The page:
BAGHDAD, (AP) – The U.S. and Iranian ambassadors to Iraq sat down together Tuesday for their second talks in nearly two months, seeking ways to use their influence to bring stability to Iraq despite rising tensions over Washington’s allegations that Tehran is fueling the violence.
Prime Minister Nouri al-Maliki opened the meeting with a statement welcoming the delegates at his headquarters in the heavily fortified Green Zone. Al-Maliki said “terrorism hits all Iraqi population sectors, with no exception,” in his address, according to Iraqi state TV.
The meeting was closed to the media, but photos released by the Iraqi leader’s office showed the participants sitting at three long tables for each delegation linked in triangular fashion and covered with white cloths.
Al-Maliki was joined by Foreign Minister Hoshyar Zebari, while the U.S. delegation was headed by Ambassador Ryan Crocker and the Iranians by Ambassador Hasan Kazemi Qomi.
The detention of four American-Iranians in Iran has deepened tensions between Washington and Tehran, whose relations already were strained over Iran’s controversial nuclear program and its support for radical militant groups such as Lebanon’s Hezbollah and the Palestinian Hamas and by U.S. military maneuvers in the Persian Gulf.
But State Department spokesman Sean McCormack said Iraq was the only issue on the agenda.
“This is an opportunity for direct engagement on issues solely related to Iraq,” McCormack told reporters in Washington on Monday. “We are going to raise the need for Iran to match its actions with its words in seeking strategic stability in Iraq.”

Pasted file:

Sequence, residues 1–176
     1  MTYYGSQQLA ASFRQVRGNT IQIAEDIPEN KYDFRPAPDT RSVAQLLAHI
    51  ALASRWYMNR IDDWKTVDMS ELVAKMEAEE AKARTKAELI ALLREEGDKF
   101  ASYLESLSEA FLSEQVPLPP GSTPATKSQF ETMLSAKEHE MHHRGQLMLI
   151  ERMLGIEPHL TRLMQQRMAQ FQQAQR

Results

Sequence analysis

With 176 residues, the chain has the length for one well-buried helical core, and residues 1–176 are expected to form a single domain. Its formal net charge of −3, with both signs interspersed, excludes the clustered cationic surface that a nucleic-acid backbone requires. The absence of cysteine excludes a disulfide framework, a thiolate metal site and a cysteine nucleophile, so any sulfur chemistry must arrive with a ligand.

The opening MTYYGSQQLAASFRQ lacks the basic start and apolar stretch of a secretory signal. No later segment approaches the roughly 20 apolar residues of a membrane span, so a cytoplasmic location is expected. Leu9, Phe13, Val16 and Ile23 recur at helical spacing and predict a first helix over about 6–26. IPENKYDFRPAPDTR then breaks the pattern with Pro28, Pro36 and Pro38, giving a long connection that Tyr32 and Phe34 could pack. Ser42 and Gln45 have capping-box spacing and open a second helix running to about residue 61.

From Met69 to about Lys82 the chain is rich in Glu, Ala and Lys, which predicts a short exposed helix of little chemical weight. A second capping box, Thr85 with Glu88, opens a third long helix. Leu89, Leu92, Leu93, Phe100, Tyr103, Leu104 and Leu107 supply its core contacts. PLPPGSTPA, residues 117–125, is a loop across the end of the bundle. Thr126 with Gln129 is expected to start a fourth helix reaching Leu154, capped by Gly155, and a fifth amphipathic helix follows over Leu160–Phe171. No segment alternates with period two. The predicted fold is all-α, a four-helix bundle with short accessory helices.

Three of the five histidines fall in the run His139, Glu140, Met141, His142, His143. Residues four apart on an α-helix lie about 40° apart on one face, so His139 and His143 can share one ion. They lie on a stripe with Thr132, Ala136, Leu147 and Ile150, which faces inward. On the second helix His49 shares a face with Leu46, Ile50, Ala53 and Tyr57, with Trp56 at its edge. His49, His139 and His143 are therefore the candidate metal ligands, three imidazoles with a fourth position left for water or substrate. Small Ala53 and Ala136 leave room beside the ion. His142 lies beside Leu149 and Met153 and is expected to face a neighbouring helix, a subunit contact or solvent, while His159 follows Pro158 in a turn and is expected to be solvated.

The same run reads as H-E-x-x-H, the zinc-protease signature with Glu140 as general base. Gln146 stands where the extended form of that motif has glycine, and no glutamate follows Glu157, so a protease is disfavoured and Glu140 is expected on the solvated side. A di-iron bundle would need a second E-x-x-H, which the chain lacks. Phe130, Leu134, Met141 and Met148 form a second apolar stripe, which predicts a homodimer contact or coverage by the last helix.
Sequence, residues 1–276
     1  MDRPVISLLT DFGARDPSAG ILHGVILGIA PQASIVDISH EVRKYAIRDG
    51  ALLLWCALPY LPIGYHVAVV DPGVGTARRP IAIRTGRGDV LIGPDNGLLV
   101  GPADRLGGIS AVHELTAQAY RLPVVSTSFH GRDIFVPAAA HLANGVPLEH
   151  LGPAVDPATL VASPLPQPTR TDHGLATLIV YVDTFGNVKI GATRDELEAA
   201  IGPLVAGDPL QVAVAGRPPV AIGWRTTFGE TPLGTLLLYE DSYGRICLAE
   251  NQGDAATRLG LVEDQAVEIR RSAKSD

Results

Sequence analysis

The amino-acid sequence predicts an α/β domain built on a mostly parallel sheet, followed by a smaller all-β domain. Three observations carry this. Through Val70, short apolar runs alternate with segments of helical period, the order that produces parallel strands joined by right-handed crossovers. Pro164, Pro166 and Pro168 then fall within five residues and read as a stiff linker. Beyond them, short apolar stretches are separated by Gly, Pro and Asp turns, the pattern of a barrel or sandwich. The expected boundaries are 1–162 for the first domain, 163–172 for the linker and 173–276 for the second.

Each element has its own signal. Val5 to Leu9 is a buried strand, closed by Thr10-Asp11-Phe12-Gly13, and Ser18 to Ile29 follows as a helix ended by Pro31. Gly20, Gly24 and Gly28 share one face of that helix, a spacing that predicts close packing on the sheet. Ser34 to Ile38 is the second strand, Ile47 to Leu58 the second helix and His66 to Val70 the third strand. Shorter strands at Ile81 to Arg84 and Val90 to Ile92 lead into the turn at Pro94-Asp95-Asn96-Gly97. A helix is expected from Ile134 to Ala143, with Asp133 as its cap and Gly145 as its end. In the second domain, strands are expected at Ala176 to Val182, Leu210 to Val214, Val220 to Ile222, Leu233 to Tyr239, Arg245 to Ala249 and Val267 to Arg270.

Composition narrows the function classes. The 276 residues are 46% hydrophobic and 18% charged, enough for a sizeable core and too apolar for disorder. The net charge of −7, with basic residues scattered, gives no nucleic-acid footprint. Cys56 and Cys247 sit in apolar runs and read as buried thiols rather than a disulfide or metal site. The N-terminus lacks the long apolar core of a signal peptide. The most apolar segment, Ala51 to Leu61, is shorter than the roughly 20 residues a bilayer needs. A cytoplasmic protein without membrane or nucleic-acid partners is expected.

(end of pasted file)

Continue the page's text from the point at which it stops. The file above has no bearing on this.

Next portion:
McCormack said Iran has not taken any steps to help bring about a stable Iraq, a goal he said Iran professes to share with the United States.
“We’ll see, if, as a result of these engagements, they will change their behavior.”
The first round of Iran-U.S. talks, on May 28 in Baghdad, broke a 27-year diplomatic freeze following the 1979 Islamic Revolution and U.S. Embassy takeover in Tehran.
Iran had said this second round would happen last month, but Secretary of State Condoleezza Rice and other U.S officials delayed because Iran had not scaled back what Washington alleges is a concerted effort to arm militants and harm U.S. troops in Iraq.
Iraq’s fragile government has been pressing for another meeting between the two nations with the greatest influence over its future.
“What we, as Iraqis, hope to achieve is to build confidence between the two sides,” Labeed Abawi, a senior Foreign Ministry official, told The Associated Press. “There are facts on the ground, and they need to be dealt with.”
McCormack said he expected Iran to bring up the case of five Iranians held in U.S. custody in Iraq and accused of supporting insurgents. Crocker would not raise U.S. concerns about the four Iranian-Americans held for espionage, he said.
Washington has called for their release and says the charges are false.
“No, this meeting is about Iraq,” McCormack said when asked specifically about the case of one of the four, Haleh Esfandiari of the Washington-based Woodrow Wilson International Center for Scholars. “We’ve taken lots of opportunities via the Swiss to raise the case of Haleh Esfandiari as well as other American citizens in Iran. That is being handled in a separate channel.”
Switzerland looks after U.S. interests in Iran.
Iran has called for the release of the five Iranians, who the United States has said are the operations chief and members of Iran’s elite Quds Force, which is accused of arming and training Iraqi militants. Iran says they are diplomats who were legally in Iraq.
But Abawi, the Iraqi Foreign Ministry official, said Baghdad did not want the detentions to dominate the talks “because this will distract from the primary aim and that’s helping Iraq.”
“We will ask the two nations to help us overcome our problems using all possible means,” he said.